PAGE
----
“I don’t know that it’s actually hit me yet,” Woll said. “It’s like a person preparing to be a mourner. My mourning will start pretty soon.”
Woll, who had been with Avoda for just under 20 years, is working to create a Reform chavurah in Fair Lawn. The group plans to have its first meeting on March 1 to decide its direction.
|Rabbi Neal Borovitz places a Torah from Temple Avoda in the ark of Temple Avodat Shalom, formerly Temple Sholom.|
The chavurah will have worship, educational, and social components, Woll said. His plan for now is to start with a monthly service and then get together for a handful of social events throughout the month. Eventually, he’d like to see the program expand to trips to Israel and Jewish sites around the tri-state area.
“Our goal has to be refined,” Woll said. “We are going to go out into the secular Jewish community and try to do the work that’s sometimes difficult for synagogues to do.”
The rabbi agreed with others that the small synagogues that have dotted the area for decades will have to become regional synagogues in order to survive.
“The Jewish community, synagogue-wise, is contracting,” he said. “What we’re trying to do [with the chavurah] is pick up a niche that might not go to any synagogue.”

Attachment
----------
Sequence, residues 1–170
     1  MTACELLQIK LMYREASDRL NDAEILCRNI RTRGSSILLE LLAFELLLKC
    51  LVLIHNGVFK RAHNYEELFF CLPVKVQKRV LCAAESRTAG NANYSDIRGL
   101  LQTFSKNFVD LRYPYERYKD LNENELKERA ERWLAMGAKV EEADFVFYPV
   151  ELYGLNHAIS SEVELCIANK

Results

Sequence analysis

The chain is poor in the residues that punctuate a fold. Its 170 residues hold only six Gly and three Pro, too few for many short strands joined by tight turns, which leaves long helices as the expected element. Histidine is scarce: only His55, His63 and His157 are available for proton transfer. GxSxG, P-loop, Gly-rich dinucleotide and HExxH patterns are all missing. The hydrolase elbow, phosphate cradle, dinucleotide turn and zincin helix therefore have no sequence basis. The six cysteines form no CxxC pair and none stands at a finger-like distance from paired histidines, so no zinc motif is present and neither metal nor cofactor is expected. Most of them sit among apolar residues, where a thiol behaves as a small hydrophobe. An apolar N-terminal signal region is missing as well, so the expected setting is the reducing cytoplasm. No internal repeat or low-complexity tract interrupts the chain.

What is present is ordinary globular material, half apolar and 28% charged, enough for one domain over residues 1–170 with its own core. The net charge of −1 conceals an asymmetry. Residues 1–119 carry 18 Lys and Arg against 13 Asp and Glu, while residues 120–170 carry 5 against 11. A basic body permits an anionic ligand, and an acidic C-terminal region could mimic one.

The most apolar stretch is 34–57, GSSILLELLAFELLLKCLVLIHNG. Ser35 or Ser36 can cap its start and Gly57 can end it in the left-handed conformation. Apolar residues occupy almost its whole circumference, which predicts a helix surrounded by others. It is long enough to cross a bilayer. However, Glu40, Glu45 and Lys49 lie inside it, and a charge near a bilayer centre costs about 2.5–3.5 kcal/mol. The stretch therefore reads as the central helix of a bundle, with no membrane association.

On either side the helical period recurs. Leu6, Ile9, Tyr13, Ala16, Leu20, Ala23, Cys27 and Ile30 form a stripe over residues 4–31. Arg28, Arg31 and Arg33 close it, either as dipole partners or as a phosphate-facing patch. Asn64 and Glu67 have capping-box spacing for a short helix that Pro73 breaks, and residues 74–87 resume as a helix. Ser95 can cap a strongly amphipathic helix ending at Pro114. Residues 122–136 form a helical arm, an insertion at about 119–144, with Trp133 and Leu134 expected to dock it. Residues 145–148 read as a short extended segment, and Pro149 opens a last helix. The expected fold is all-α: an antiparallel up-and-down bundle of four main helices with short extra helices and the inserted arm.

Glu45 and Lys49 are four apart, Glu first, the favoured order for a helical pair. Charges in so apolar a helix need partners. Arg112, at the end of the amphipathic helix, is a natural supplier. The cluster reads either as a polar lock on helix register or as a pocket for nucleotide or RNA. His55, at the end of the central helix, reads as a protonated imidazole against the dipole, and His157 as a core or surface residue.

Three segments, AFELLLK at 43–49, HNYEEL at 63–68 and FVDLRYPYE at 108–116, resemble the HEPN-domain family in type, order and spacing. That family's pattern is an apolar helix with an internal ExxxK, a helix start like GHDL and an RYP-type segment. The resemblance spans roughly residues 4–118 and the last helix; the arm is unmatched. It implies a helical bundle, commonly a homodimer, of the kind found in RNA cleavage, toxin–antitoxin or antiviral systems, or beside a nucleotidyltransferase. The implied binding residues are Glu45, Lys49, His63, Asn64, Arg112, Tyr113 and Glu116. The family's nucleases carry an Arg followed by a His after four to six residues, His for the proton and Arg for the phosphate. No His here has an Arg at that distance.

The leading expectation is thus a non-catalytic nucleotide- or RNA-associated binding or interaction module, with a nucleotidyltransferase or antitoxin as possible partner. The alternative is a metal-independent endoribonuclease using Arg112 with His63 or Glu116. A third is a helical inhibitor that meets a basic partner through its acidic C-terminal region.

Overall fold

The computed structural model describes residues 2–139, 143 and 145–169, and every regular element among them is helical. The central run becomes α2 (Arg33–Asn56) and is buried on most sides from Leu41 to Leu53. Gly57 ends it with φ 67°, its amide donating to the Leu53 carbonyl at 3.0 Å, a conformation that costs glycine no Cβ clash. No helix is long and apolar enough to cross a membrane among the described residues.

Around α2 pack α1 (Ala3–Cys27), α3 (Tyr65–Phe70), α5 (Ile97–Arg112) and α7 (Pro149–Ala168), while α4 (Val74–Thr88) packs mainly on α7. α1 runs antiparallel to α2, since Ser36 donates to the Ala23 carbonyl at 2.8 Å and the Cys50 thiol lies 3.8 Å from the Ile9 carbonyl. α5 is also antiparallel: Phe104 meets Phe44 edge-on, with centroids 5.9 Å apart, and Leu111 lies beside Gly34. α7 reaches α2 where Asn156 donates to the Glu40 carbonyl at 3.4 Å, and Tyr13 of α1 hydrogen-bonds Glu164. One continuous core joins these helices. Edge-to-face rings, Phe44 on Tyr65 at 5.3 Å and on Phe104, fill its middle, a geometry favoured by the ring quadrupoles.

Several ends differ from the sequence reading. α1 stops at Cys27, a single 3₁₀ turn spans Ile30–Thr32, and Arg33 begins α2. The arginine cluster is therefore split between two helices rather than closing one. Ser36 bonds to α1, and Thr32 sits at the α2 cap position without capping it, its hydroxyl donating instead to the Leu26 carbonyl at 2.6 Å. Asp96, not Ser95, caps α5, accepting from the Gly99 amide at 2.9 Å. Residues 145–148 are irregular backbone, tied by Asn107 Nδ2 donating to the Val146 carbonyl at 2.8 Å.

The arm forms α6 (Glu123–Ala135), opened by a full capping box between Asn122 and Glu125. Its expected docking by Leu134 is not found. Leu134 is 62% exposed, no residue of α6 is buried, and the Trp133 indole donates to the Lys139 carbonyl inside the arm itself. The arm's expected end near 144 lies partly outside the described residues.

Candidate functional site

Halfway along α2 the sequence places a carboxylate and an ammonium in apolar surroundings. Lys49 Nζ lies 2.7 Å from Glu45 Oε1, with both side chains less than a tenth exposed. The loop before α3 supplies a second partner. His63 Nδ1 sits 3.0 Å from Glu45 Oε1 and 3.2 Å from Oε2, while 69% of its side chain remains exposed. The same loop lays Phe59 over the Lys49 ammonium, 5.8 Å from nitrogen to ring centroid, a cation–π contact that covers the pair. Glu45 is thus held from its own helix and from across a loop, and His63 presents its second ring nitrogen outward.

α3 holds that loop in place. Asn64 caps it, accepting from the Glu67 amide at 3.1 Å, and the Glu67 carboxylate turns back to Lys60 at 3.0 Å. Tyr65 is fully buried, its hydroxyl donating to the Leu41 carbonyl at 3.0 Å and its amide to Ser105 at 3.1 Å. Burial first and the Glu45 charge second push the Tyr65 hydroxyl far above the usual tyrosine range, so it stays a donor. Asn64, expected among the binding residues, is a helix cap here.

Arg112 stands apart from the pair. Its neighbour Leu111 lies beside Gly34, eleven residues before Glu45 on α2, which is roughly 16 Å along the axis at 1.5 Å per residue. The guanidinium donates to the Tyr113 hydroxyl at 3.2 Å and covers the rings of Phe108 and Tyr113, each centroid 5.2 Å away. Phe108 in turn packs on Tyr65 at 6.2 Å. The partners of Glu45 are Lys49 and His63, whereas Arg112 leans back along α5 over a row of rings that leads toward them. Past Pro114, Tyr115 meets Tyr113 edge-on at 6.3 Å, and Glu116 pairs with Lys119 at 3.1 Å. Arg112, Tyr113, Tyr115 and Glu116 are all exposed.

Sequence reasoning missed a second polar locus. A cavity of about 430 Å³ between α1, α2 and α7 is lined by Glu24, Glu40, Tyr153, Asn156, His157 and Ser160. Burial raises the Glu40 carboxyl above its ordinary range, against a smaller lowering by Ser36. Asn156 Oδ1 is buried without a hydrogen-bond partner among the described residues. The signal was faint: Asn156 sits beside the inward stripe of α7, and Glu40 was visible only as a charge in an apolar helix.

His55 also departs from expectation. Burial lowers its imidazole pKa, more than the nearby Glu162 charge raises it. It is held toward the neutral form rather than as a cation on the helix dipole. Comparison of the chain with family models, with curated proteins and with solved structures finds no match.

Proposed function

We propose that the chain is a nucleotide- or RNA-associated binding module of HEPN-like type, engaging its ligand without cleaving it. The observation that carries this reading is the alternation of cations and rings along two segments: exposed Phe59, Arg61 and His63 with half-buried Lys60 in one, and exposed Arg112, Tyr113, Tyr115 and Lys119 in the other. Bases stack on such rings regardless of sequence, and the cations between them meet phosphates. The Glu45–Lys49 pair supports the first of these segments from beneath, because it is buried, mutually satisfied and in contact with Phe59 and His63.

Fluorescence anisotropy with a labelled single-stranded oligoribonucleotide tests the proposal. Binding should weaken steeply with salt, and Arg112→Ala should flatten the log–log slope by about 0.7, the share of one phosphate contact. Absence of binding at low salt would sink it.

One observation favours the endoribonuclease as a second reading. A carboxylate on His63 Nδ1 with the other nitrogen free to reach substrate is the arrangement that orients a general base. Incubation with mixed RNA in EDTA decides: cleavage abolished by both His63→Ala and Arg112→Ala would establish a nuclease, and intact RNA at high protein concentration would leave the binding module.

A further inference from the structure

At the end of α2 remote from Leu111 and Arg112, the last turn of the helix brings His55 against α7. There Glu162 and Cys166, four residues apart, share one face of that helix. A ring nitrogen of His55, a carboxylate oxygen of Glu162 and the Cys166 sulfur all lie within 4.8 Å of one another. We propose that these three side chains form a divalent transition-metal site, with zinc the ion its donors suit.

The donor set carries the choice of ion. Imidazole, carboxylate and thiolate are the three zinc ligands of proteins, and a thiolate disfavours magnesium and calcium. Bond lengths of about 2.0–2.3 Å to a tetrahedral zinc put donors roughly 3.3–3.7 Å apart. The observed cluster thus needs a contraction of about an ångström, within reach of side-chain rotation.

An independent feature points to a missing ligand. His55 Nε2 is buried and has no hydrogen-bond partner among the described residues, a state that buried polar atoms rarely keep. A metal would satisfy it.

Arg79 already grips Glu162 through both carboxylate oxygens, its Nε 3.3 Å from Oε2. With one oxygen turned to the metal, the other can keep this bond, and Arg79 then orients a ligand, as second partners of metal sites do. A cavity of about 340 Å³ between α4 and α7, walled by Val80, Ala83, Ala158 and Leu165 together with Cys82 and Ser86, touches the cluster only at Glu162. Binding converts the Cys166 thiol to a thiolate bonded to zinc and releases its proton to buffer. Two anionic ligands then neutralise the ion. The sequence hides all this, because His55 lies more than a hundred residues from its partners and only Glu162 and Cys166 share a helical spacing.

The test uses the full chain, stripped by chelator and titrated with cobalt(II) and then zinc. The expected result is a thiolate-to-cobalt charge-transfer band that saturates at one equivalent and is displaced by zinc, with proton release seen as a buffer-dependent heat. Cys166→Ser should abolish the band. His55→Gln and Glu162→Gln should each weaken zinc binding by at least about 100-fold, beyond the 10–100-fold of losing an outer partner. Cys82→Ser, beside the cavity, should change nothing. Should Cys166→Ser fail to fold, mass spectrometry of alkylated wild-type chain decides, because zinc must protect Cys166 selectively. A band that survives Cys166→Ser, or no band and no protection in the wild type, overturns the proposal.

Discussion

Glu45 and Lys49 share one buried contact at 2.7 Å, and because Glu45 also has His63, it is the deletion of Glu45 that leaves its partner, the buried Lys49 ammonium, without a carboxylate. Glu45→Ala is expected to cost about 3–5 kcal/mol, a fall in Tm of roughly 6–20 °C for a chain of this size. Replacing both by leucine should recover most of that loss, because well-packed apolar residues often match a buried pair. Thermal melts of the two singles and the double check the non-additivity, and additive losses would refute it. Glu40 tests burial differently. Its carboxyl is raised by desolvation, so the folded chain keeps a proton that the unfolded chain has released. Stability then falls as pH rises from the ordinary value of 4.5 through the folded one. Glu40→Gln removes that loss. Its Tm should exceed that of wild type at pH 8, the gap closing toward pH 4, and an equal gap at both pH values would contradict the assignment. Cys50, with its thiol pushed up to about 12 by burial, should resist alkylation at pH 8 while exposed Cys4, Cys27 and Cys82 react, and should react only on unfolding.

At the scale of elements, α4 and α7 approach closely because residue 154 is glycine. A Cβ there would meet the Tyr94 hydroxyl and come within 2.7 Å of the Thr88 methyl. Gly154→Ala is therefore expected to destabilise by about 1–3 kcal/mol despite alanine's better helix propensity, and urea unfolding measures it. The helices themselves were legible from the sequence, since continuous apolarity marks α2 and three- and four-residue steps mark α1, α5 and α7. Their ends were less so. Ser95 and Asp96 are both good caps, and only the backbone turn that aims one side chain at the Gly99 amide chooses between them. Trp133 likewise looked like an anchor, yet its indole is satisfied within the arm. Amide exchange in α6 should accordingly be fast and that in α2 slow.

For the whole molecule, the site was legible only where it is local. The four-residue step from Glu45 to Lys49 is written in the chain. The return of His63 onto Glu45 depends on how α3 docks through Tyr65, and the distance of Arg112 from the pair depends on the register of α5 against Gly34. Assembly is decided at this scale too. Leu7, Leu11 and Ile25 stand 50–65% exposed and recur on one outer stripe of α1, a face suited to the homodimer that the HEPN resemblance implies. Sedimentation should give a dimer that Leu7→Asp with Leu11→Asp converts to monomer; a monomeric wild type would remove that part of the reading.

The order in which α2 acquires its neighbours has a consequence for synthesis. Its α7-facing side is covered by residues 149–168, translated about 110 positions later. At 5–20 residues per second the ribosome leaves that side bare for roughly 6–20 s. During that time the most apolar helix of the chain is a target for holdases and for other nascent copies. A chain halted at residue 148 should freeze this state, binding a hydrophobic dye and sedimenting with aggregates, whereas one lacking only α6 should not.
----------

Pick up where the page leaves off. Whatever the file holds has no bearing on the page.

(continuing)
As congregants moved out of Avoda Monday, the Anshei Lubavitch Outreach Center across the street stood ready to move in. Chabad had been renting two classrooms in the synagogue since September and has agreed to purchase the building for $1.7 million. The closing is expected to take place next week. Proceeds from the sale of the building will go toward Temple Avodat Shalom’s building fund.
“People were quite happy that it goes to another Jewish organization and it will be a continuation of what we did for 54 years,” Gadot said. “We felt – and Chabad felt the same way – that they will be taking over from us.”
In its current building, Anshei Lubavitch has 1,800 square feet and a preschool with more than 90 children. The Avodah building offers a total of 11,000 square feet, which Chabad plans to use as a second campus. It will renovate Avoda’s 10 classrooms into five large rooms for its preschool. Other plans include adding seven bathrooms and expanding the playground. Renovations have been set into three stages, said Rabbi Levi Neubort, Anshei Lubavitch’s director. The classrooms and bathrooms are the focus of the first stage, which Neubort said has to be completed by July 1, when Chabad’s summer camp programs begin. The second stage will update the HVAC system and roof. The final stage will tackle the building’s faÃ§ade and parking lot. Estimates put the total renovation at approximately $1 million, Neubort said.
To date, the single largest donation for the renovations has been $54,000, he said. The organization has received enough for the down payment and to begin the first stage of construction. Neubort is confident Chabad will raise the needed funds.
“Phase one is critical,” he said. “We need the building ready for occupancy by July 1. My experience has shown [that] when you have certain concrete deadlines, a Jew finds the answer.”